Race walking Olympian Evan Dunfee comes to Trail next week for the BC Games 40th Anniversary celebration at the White Garden along the Esplanade. Ryan Remiorz/The Canadian Press.

Race walking Olympian Evan Dunfee comes to Trail next week for the BC Games 40th Anniversary celebration at the White Garden along the Esplanade. Ryan Remiorz/The Canadian Press.

Olympian to visit Trail for BC Games’ 40th

Olympic race walker and KidSport supporter Evan Dunfee has inspired thousands on and off the track.

In just one week, the Silver City will celebrate the 40th anniversary of the BC Games with a very special guest highlighting the evening.

On behalf of Teck and KidSport, Greater Trail’s BC Games Society will welcome Olympian Evan Dunfee as its guest speaker at the Sept. 6 celebration at the White Garden.

“We have a great guest speaker coming in,” said 40th Anniversary Committee Chair, Sue Bock, who added that Teck has also arranged for Dunfee to visit area schools and talk with students and up-and-coming athletes.

“Evan is an alumni,” added Bock. “He was a kid that was part of the (BC) Games at some point that got turned on to the sport that eventually took him to the podium.”

Related Read: Trail celebrates BC Games 40th

The Richmond native is one of Canada’s top race walkers, who recently finished eighth in the 20-km event at the Commonwealth Games at Gold Coast, Australia in April and won the NACAC Championships 20-km race in Toronto on Aug. 10.

Dunfee also won gold in the 20-k race walk at the 2015 Pan Am Games, but is best known for his fourth-place finish at the Rio Olympics in 2016. Following the gruelling 50-km race walk, Dunfee was awarded the bronze medal after Japan’s Hirooki Arai was disqualified for apparently elbowing Dunfee in the final minutes of the race.

Arai protested and the decision was overturned, the bronze returned to the Japanese athlete. In a dramatic display of good sportsmanship, Dunfee refused to allow Canada to appeal the decision, settling for fourth in what was a Canadian Olympic-best time.

Dunfee has since emerged as both an athlete and race walking’s ambassador, a voice of reason and fair play in the wilderness of ‘amateur/professional’ sport. In April, the International Olympic Committee considered dropping race walking from the 2020 Tokyo Olympic Games and Dunfee replied with an engaging and scathing indictment of the Games’ and the IOC’s growing commercialism in a public letter printed on CBC’s Player’s Own Voice.

“At the end of the day, we are out to win, but we celebrate the successes of those around us as much as we celebrate our own victories. When I do school talks, the one thing that resonates most with kids is how many countries I have been to, and how many friends I have made from all around the world,” Dunfee wrote.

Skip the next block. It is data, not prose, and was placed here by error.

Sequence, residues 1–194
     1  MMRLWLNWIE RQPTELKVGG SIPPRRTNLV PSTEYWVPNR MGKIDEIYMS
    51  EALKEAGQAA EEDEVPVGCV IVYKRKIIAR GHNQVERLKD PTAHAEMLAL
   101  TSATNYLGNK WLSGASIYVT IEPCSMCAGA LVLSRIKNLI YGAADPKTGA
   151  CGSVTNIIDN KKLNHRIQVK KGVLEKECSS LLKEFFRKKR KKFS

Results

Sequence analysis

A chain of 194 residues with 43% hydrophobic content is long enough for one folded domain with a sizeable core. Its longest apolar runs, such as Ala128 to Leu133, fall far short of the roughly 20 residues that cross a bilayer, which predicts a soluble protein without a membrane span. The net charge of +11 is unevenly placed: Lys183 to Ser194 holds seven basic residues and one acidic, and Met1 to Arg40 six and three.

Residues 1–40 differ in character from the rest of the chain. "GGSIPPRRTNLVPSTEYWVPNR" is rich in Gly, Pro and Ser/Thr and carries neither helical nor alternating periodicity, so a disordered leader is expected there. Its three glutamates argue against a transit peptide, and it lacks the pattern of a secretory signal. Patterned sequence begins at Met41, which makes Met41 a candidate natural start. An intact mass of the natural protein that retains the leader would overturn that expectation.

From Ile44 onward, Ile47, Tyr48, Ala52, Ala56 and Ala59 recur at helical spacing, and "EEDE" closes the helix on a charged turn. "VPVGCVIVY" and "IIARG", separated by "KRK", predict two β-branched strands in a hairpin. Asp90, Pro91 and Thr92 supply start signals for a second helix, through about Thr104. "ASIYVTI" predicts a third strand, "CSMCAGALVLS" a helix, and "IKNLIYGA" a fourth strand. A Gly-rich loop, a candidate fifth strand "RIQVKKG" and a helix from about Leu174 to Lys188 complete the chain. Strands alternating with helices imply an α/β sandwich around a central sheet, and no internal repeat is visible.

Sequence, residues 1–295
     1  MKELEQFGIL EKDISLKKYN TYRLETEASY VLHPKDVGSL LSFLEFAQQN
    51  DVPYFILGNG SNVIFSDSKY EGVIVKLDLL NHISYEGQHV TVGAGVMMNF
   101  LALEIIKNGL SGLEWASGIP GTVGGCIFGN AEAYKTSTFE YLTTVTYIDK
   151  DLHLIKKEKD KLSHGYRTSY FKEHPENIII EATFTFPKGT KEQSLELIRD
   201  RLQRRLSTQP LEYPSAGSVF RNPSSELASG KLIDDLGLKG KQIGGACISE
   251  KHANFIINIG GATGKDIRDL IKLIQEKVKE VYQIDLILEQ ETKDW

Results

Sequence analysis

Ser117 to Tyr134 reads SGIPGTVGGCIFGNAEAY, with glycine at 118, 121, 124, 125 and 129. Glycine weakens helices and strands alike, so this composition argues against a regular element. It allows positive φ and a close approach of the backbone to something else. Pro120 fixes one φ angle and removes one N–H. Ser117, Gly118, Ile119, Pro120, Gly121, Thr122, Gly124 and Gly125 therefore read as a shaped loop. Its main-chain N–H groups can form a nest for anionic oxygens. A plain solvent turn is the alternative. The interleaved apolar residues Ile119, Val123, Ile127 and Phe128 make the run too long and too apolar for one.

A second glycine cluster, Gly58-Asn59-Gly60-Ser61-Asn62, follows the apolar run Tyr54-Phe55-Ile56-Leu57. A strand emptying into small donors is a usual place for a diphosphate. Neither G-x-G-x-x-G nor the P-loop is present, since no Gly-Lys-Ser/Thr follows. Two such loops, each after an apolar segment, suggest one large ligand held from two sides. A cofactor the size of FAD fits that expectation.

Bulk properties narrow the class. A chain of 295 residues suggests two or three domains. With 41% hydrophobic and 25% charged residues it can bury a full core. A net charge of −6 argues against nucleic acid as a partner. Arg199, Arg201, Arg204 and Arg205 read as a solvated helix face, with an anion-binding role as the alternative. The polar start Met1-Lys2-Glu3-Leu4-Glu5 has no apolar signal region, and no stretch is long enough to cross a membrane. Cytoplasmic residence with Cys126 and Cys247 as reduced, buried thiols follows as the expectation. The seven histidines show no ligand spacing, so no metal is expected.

“Furthermore … I think there are few greater authorities to speak to the value and importance of fair play in sport right now than me. But one thought that makes me very happy is knowing that almost everyone in the race-walking community, if faced with the same decision that I was on whether to appeal for a chance at a medal, would have made the same decision I did. And that is the Olympic spirit in action.”

A week later, the IAAF voted to keep the race-walking event in the 2020 Tokyo Olympics.

While Dunfee continues to train, his sponsors afford the Richmond native the opportunity to visit communities like Trail and share his experiences.

“I’m really lucky, [sponsor] Teck Resources support me so well that I can use my free time outside of when I train to really give back to the community. And spend that time I would have to spend working part time, I can spend that in the community doing volunteer work.”

The 28-year-old also works with KidSport, a non-profit organization that helps kids get into sport, and was awarded their community champion award while training in Australia prior to the Commonwealth Games.

Dunfee will visit three Greater Trail schools on Sept. 7, including St. Michael’s in Trail, Fruitvale Elementary School and Ecole Sept Sommets in Rossland and share his story of how he became a race walking icon.

“It (race walking) is a little weird, it looks funny, and not a lot of people care about it. However, I think that is part of the reason I was drawn to it so strongly as an 11-year-old. I was weird, I looked funny, and I thought no one cared about me.

“If race walking can provide the same kind of outlet and opportunity for a kid that feels the same way I did, and carry them 16 years to a point where they are inspiring a community, I can’t see how that alone does not justify its worth in the Olympics.”

Trail hosted the BC Winter Games in 1982 and 2006, and played cohost with Castlegar to the BC Summer Games in 1996 with hundreds of athletes, coaches, volunteers and organizers playing a vital part in the Games’ success.

Past participants, organizers, volunteers, and coaches can RSVP at www.bcgames.org/40th or at www.eventbrite.ca/e/bc-games-40th-anniversary-trail-tickets. Tickets are $5 with all proceeds and donations shared by the Powering Potential Fund and Trail KidSport.

The Community Sport Hero Awards will also be presented at the celebration.